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Tribeca Review: A Flashy New Boogeyman Highlights The Otherwise Dismal 'Mr. Jones'

The Playlist By Gabe Toro | The Playlist April 21, 2013 at 1:12PM

What's distinct about "Mr. Jones" is that it lengthily utilizes three separate storytelling techniques. The narrative begins with found footage, then segues into documentary before closing with a more conventional structure. Given the sloppiness of Karl Mueller's directorial debut, it feels less like innovation and more like an attempt to cover up shortcomings, as if he had the kernel of an idea and only begrudgingly filled it out. Usually you see this in screenwriting classes during workshop sessions. Rarely does it play out on the screen in front of your eyes.
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Mr. Jones

What's distinct about "Mr. Jones" is that it lengthily utilizes three separate storytelling techniques. The narrative begins with found footage, then segues into documentary before closing with a more conventional structure. Given the sloppiness of Karl Mueller's directorial debut, it feels less like innovation and more like an attempt to cover up shortcomings, as if he had the kernel of an idea and only begrudgingly filled it out. Usually you see this in screenwriting classes during workshop sessions. Rarely does it play out on the screen in front of your eyes.

Mr. Jones

We're introduced to dim would-be filmmaker Scott (Jon Foster) just as he's taking girlfriend Penny (Sarah Jones) to a secluded cabin in the "woods" that pretty much just looks like a desert. Having abandoned his life, Scott eventually notes that he "misses [my] TV" and that the nature documentary he had planned was less than fully formed. This does not seem promising for his relationship with Penny, a supportive photographer who abandoned her job to assist him, and the two squabble and bicker as Scott keeps the camera affixed to him through a complicated, not-very-comfortable rig. You'd think contemporary narcissism wouldn't be so potentially hazardous to your back and shoulders, but there it is.

During the filming of one particularly distracted "nature" session, Scott's bag is swiped by a mysterious, hooded figure. Scott pursues, but stops and gets the camera rig when he realizes this person has absconded to a home on the hill that seems like a short walk away from their cabin. Fifty days spent filming a nature documentary, you'd think the only other house in the area would be visible. What they discover is a hoarder's paradise, complete with elaborate sculptures made up of whittled wood and twine, artifacts that Penny immediately discovers.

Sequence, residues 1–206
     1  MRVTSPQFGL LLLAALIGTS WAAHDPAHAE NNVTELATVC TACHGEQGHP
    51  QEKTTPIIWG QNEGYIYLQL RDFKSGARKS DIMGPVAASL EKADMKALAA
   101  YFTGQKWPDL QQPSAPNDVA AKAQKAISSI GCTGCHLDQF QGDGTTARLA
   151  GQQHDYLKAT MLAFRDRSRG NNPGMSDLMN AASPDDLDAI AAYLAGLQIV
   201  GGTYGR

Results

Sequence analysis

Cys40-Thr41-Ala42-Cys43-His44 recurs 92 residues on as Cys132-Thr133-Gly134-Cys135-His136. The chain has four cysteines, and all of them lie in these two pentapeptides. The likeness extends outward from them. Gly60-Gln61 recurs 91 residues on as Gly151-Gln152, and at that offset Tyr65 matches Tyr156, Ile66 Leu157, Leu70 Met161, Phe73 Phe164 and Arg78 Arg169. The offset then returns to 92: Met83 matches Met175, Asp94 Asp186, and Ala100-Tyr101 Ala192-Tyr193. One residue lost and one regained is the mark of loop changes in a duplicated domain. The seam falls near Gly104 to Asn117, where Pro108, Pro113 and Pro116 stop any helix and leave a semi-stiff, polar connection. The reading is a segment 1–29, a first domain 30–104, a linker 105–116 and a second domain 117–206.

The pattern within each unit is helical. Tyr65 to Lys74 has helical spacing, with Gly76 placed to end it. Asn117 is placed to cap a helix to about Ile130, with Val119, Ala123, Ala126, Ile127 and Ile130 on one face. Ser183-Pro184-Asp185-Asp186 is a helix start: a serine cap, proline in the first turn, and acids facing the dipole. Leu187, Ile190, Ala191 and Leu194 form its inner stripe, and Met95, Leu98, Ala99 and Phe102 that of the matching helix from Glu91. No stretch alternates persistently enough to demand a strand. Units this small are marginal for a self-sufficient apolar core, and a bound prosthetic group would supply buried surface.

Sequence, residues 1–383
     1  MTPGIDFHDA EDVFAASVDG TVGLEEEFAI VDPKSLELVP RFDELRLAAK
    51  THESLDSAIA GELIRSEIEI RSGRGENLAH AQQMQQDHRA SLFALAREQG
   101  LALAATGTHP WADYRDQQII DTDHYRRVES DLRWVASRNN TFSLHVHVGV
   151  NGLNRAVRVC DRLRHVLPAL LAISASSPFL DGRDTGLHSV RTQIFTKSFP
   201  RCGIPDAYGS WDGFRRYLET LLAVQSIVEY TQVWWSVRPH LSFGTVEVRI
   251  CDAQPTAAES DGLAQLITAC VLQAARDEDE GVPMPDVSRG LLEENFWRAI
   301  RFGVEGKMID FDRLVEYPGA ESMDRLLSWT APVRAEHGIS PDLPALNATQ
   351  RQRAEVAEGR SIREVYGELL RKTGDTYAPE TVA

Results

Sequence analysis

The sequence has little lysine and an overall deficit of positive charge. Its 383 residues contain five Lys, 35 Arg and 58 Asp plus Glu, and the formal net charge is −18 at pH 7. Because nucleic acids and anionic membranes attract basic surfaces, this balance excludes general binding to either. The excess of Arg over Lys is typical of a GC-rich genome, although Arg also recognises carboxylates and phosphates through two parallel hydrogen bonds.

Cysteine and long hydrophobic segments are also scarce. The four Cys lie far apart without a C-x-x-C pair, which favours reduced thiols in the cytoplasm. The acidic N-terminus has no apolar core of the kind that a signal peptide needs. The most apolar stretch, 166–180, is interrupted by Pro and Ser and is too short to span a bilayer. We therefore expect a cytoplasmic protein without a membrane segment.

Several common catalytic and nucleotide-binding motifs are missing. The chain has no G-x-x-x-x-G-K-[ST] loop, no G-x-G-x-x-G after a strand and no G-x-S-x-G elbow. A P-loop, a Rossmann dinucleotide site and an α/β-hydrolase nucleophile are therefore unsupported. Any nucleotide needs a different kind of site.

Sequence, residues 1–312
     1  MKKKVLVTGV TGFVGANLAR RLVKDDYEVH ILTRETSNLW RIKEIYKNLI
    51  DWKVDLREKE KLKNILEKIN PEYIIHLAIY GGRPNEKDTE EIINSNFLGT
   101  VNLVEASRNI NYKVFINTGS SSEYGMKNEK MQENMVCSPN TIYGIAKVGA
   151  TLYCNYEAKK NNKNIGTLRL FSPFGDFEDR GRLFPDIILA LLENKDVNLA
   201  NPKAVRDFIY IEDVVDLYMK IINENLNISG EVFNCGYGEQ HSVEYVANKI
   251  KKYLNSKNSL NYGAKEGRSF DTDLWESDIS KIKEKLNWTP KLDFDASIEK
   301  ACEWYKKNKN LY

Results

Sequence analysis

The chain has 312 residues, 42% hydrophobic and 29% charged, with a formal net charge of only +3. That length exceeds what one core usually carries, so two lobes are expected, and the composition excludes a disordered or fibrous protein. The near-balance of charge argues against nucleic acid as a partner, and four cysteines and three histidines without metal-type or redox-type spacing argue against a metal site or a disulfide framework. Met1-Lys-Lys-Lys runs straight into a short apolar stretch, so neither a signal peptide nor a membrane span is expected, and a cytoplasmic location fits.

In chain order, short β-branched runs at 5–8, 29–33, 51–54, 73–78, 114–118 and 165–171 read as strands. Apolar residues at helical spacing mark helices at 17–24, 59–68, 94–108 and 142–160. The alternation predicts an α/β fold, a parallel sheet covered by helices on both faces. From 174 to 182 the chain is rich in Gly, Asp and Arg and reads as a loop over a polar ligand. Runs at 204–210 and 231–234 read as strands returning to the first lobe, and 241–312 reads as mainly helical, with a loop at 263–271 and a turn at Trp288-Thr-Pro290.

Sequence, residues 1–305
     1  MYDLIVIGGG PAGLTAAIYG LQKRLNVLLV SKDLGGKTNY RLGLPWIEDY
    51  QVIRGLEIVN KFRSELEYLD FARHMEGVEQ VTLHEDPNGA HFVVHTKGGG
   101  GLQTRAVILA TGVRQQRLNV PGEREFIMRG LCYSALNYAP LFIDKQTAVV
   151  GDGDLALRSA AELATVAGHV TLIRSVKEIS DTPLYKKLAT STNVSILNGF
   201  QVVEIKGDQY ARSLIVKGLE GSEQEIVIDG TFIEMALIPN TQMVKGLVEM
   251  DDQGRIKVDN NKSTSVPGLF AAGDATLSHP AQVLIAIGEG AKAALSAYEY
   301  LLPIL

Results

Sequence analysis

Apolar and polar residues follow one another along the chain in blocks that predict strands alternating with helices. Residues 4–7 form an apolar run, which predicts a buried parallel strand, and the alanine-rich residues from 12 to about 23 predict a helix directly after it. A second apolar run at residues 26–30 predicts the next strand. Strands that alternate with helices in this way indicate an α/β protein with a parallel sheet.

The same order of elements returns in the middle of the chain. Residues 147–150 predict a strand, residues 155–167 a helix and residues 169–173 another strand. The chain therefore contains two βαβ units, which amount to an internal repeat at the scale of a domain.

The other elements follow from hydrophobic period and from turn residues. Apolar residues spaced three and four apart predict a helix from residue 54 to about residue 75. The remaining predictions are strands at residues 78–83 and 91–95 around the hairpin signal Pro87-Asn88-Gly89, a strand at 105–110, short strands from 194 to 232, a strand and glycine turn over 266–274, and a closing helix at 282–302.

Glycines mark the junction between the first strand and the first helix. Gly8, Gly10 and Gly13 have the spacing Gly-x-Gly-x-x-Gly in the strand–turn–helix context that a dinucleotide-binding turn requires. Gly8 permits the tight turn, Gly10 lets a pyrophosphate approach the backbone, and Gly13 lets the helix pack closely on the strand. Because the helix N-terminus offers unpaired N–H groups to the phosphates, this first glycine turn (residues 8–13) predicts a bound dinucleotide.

And now we meet Mr. Jones, a canny attempt at adding to the canon that has welcomed Freddy, Jason, Jigsaw, Pumpkinhead and any other horror "icon" that managed to persist for a couple of films. Jones is apparently a famed cult artist who anonymously sends his totems to random strangers at diverse locations without explanation, adding to a mystique that the art world has embraced much like, as Penny claims, "J.D. Salinger. Or Banksy!" While they recover the stolen goods, they also make a note to return, because now they've found a subject for their next movie. A brief shift takes us through the footage captured by Scott of leading "experts" on the mystique of Mr. Jones, all poorly acted talking head interviews that nonetheless threaten to turn this into a History Channel-like examination of a supernatural boogeyman.

Mr. Jones

Scott returns with this knowledge, some of it heavily suggesting that he avoid Jones at all costs, given that his sculptures apparently haunt the dreams of one recipient (others, inexplicably, seem perfectly fine). Of course, Scott and Penny's concept of making a film about an elusive art figure is to break into his home with a camera. Even in the realm of horror films, these two are a couple of Norman Einsteins, proceeding to run around like doofuses, yelling at each other and touching Every. Single. Thing. The fact that Jones stares back at them wordlessly through a mask that might as well be made of human gristle doesn't seem to bother them. Thank you, masked troll of the woods, we will enter your home uninvited and fondle every item on your walls. With a camera!

"Mr. Jones" abruptly takes a right turn into the supernatural in its third act, calling into question the point of view we've seen throughout the film. Suddenly, this soggy storyline of dumbass interlopers in an otherworldly realm starts to drip into the metaphysical, involving dreamscapes and shifting identities. This would be a worthwhile extension of the storyline if only Mueller knew how to capture any spirited imagery, leaning on altered lighting to distinguish between the real and dream worlds. You can't really dip into dream logic if you have nary a single eye-popping visual, and in doing so, Mueller completely wastes a unique, potentially durable concept: just imagine a hooded monster in the woods making a side-living as an avant-garde darling of the art world. The movie you've now visualized in your head is probably a good deal more interesting than "Mr. Jones." [C-]

This article is related to: Tribeca Film Festival, Jon Foster, Review


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